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Some problems are both well enough known and representative enough that every computer science major should work through them at some time. One of these is the Eight Coins Problem, a representative of a class of common weighing puzzles. It is this:

One of eight apparently identical coins is known to be counterfeit and hence of different weight from the other seven. An equal-arm balance is to be used to discover in three weighings which coin is different and whether it is heavier or lighter.

There are sixteen possible results: 1-Light, 1-Heavy, 2-light, . . ., 8-Heavy, and a structured approach is likely to be worth developing. A systematic approach to the determination is to form a decision tree where each node describes a weighing to be made, determined by the results discovered so far. An interior node also determines which child to use for the next decision, and a leaf node is the correct answer if reached by proper use of the tree.

Let the coins have weights w[i] for 1 i 8. A verbal description of the decisions to be made is:

1. Compare the sum of weights 1-3, s1 , and weights 4-6, s2. There are three possibilities: s1 = s2,s1 < s2, and s1 > s2. If s 1 = s2, then the counterfeit coin is isolated as the pair of coins 7 and 8, and the other six are all of standard weight. When coins 7 and 8 are compared with each other, one of them will be heavier. The other two cases use the second comparison to isolate a similar pair of coins and provide relative weight information. At the third weighing, one of the isolated pair is compared to a standard coin, and the answer becomes apparent.

1.1 s1 = s2,: The bad coin is isolated in the pair w[7] and w[8], and so they are compared to each other.

1.1.1 w[7] > w[8]: One of them, say w[7], is compared with a standard coin, say w[1]. w[7] > standard: Then w[7] is the bad coin, and it is heavy. Otherwise, w[8] is the bad coin, and it is light.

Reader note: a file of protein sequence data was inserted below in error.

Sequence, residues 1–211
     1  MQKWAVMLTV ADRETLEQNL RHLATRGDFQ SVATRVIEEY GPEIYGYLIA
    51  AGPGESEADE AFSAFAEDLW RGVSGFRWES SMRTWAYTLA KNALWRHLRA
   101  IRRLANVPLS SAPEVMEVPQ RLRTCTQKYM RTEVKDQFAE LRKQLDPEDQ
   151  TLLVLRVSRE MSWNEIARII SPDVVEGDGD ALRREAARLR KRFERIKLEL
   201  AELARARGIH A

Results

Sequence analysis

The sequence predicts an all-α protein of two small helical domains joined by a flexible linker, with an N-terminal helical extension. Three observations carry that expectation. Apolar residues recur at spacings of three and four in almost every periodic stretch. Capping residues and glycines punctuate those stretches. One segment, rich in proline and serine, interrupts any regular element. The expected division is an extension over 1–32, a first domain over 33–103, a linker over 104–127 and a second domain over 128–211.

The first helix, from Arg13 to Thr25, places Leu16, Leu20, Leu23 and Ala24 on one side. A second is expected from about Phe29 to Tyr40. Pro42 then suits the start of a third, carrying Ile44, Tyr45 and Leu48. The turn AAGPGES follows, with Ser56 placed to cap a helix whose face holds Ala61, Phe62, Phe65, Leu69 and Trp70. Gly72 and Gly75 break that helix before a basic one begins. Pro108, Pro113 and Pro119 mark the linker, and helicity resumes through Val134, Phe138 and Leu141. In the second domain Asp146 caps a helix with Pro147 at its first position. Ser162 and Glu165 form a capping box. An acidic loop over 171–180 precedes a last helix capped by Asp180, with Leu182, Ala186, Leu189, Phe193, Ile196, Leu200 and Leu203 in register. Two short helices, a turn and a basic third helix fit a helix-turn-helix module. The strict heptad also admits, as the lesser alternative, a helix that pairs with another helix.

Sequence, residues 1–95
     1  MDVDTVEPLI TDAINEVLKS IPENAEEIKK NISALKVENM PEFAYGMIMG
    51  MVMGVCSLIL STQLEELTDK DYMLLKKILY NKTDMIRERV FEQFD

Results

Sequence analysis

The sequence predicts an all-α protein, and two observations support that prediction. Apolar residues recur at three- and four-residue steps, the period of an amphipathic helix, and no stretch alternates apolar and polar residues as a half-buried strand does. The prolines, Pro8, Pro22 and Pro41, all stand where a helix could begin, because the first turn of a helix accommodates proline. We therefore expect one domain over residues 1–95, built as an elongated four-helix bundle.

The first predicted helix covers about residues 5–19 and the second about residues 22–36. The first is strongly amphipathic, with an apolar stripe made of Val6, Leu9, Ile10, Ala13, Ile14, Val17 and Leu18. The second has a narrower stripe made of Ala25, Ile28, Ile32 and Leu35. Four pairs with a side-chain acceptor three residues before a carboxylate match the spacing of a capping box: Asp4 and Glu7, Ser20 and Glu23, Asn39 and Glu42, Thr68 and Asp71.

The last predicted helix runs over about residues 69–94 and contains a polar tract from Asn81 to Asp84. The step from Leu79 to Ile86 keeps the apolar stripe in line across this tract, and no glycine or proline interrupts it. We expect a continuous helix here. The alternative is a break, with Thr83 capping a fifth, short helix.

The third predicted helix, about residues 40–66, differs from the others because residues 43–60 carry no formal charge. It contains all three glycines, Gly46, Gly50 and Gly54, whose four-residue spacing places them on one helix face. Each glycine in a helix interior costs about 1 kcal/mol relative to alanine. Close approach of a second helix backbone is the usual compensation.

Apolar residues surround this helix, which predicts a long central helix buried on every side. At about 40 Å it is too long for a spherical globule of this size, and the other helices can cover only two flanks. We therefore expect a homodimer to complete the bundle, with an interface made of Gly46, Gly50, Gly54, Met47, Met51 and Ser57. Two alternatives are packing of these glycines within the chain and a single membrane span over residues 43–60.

1.1.2 w[7] < w[8]: This is symmetric to 1.1.1 above.

1.2 s1 < s2: Now w[7] and w[8] are known to be standard. Two of the coins in the triplets forming s1 and s2 need to be isolated, and two are switched. For example, the comparison might be between s3 = w[1] + w[4] and s4 = w[2] + w[5], isolating w[3] and w[6] from the other four.

1.2.1 s3: < s4: Clearly coins 3 and 6 were standard, and either coin 1 is light or coin 5 is heavy because switching coins 2 and 4 left the balance tipped in the same direction. Either coin 1 or coin 5 is to be tested against a standard, because these two are now isolated as the bad pair.

1.2.2 s3 = s4: Then coin 3 or coin 6 is counterfeit, and one should be tested against one of the six known standards.

1.2.3 s1 > s4: The switching of coins 2 and 4 caused the balance to shift, and so one of them is counterfeit.

1.3 s1 > s2: This is entirely symmetric to 1.2 above.

Even with the abbreviation of the verbal description, the decisions to be made do not jump out at the reader. A tree diagram is helpful.

In Figure V.1, the notation indicates a comparison of i, . . ., j with k, . . ., l.

Figure V.1

The tree is illustrated in Figure V.2. The design of the tree calls for a comparison of a final pair with a standard weight:

Figure V.2

procedure Compare(Coin1,Coin2,Standard,BadCoin,Light)

if Coin1 > Standard

then BadCoin  Coin1

Light  FALSE

else BadCoin  Coin2

Light  TRUE


end {Compare

The procedure then becomes:

procedure EightCoins(w,BadCoin,Light)



for i = 1 to 3 do

s1  s1 + w[i]

s2  s2 + w[i + 3]

next i

if s1 = s2

then if w[7] > s[8]

then Compare(w[7],w[8],w[1],BadCoin,Light)

else Compare(w[8],w[7],w[1],BadCoin,Light)




if s1 > s2

then case

s3 = s4 : Compare(w[3],w[6],w[8],BadCoin,Light)

s3 > s4 : Compare(w[1],w[5],w[8],BadCoin,Light)

s3 > s4 : Compare(w[2],w[4],w[8],BadCoin,Light)




{s1 < s2


s3 = s4 : Compare(w[6],w[3],w[8],BadCoin,Light)

s3 > s4 : Compare(w[5],w[1],w[8],BadCoin,Light)

s3 < s4 : Compare(w[5],w[1],w[8],BadCoin,Light)


end {EightCoins



Program for trying it yourself

PGV.1 Write the Eight Coins program and run it with several of the possible input sets.

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